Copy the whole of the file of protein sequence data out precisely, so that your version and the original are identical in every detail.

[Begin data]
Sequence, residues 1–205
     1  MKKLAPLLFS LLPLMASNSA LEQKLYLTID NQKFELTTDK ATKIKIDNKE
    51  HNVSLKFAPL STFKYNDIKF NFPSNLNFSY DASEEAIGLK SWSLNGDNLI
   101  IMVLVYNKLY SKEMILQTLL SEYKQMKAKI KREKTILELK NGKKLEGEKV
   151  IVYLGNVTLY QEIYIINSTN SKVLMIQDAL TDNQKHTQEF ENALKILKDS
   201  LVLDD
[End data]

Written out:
Sequence, residues 1–205
     1  MKKLAPLLFS LLPLMASNSA LEQKLYLTID NQKFELTTDK ATKIKIDNKE
    51  HNVSLKFAPL STFKYNDIKF NFPSNLNFSY DASEEAIGLK SWSLNGDNLI
   101  IMVLVYNKLY SKEMILQTLL SEYKQMKAKI KREKTILELK NGKKLEGEKV
   151  IVYLGNVTLY QEIYIINSTN SKVLMIQDAL TDNQKHTQEF ENALKILKDS
   201  LVLDD